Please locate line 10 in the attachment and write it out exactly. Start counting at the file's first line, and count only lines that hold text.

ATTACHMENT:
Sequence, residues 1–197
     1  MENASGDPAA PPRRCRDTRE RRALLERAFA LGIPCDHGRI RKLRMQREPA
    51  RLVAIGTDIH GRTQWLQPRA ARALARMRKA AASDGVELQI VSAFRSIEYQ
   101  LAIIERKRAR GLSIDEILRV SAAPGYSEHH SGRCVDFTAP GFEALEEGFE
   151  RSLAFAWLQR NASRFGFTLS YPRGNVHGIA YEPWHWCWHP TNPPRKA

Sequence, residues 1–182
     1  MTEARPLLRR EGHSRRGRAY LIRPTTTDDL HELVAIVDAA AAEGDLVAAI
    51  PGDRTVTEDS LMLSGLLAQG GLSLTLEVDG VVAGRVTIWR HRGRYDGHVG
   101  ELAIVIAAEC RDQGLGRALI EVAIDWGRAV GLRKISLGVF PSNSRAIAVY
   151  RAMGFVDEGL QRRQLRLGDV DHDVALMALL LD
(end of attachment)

   151  RAMGFVDEGL QRRQLRLGDV DHDVALMALL LD